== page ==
Moderate Democratic Sens. Sen. Heidi Heitkamp (N.D.) and Joe Donnelly (Ind.), who voted against Kavanaugh’s confirmation, will be replaced by Rep. Kevin Cramer (N.D.) and businessman Mike Braun, strong Trump backers who ran on Democratic opposition to Kavanaugh and the importance of confirming judges.

In Missouri, Sen. Claire McCaskill (D), who voted against both of Trump’s Supreme Court nominees, will be replaced by state Attorney General Josh Hawley (R). Hawley ran aggressively against the Democratic resistance to Kavanaugh.

Republicans may gain another seat in Florida, where the race is still too close to call. Arizona, which Democrats are looking to flip, is also still too close to call. Democrats did pick up one Republican-held seat, in Nevada.

Republicans are favored to hold a seat in Mississippi in a runoff later this month. If they do, they will ensure a majority of at least 52 members, regardless of what happens in the other outstanding contests.

Part of any calculation for McConnell were moderate Republican Sens. Susan Collins (Maine) and Lisa Murkowski (Alaska), both supporters of abortion rights. With more conservative Republicans in the Senate, and Vice President Pence able to break a tie, the votes of Collins and Murkowski will matter less.

Trump and Senate GOP leaders said they believe Kavanaugh’s confirmation in the face of impassioned Democratic opposition propelled their candidates to victory. They are expected to keep up an aggressive pace of filling the courts in the new year.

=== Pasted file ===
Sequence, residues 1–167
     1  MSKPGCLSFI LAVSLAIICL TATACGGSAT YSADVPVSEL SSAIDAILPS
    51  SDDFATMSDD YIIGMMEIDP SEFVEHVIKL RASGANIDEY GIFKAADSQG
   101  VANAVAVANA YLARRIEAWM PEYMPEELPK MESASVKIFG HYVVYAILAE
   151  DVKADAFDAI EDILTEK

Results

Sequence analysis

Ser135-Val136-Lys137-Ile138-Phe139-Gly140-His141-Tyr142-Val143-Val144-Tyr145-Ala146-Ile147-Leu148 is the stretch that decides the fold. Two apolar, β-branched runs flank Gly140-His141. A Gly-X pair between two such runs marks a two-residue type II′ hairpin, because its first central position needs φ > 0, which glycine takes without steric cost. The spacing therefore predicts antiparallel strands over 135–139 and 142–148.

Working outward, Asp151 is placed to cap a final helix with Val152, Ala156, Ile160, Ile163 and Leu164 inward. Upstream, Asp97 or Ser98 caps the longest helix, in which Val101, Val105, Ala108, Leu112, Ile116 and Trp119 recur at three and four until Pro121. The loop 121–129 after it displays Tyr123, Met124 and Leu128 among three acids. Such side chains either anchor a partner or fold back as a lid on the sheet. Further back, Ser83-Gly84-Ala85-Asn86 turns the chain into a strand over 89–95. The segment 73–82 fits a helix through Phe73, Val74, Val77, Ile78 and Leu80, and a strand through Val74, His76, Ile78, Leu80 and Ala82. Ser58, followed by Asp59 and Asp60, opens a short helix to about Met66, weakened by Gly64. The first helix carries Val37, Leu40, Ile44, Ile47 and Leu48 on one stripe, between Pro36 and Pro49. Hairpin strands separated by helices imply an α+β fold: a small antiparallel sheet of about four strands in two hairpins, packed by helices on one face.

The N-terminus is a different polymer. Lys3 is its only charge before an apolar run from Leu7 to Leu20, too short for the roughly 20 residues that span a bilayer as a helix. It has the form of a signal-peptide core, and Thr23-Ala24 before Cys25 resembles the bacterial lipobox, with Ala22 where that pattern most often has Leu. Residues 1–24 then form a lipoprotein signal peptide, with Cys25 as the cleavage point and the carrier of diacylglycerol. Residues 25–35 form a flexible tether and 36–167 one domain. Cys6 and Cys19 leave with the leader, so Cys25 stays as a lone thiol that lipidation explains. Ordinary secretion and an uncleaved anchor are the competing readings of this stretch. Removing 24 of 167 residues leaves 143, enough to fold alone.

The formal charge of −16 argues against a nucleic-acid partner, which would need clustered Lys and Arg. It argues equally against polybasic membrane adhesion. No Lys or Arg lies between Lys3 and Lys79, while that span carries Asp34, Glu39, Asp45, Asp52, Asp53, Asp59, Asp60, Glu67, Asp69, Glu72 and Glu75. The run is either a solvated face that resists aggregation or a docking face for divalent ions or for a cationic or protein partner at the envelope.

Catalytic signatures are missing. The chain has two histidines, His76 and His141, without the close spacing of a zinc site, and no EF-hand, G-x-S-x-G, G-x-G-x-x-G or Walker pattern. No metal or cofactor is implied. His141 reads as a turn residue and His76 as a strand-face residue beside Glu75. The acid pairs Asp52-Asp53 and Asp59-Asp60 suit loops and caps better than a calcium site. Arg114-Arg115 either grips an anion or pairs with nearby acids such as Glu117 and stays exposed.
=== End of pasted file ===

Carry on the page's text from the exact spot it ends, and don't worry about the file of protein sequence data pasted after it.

“You know what my top priority is. I’ve made it very clear. It’s the judiciary,” McConnell said Wednesday.

Senate Minority Leader Charles E. Schumer (D-N.Y.) accused Republicans of being determined to pack the courts with judges hostile to women, health-care protections and gun control laws. “In the long run, it’s going to hurt them far more,” he said of the GOP.

Senators will return to work next week for the first time since the midterms. Part of their business in the weeks ahead will be figuring out committee assignments and chairmanships. Among the biggest question marks is who will head the Judiciary Committee, which is tasked with holding hearings on Supreme Court nominees.

Sen. Charles E. Grassley (R-Iowa), the current chairman, is deciding whether he wants to continue helming the panel or lead the Finance Committee. He is second in line on Finance, which is chaired by retiring Sen. Orrin G. Hatch (R-Utah).

“Sen. Grassley will consult with his colleagues when the Senate returns next week and will then announce his decision,” said his spokesman, Michael Zona.

If Grassley opts for the Finance post, Sen. Lindsey O. Graham (R-S.C.) is in line to head the Judiciary Committee. A onetime Trump critic and presidential rival, Graham has transformed himself into one of the president’s most vocal champions on Capitol Hill. He furiously lashed out at Democrats during a hearing in which Kavanaugh testified.

The Judiciary Committee will also be tasked with examining Trump’s eventual nominee to replace Attorney General Jeff Sessions, who resigned Wednesday at the president’s request. Graham and Trump discussed the opening Thursday in the Oval Office, the senator said.

Graham also joined Trump at Kavanaugh’s formal investiture at the Supreme Court on Thursday.

Robert Barnes and John Wagner contributed to this report.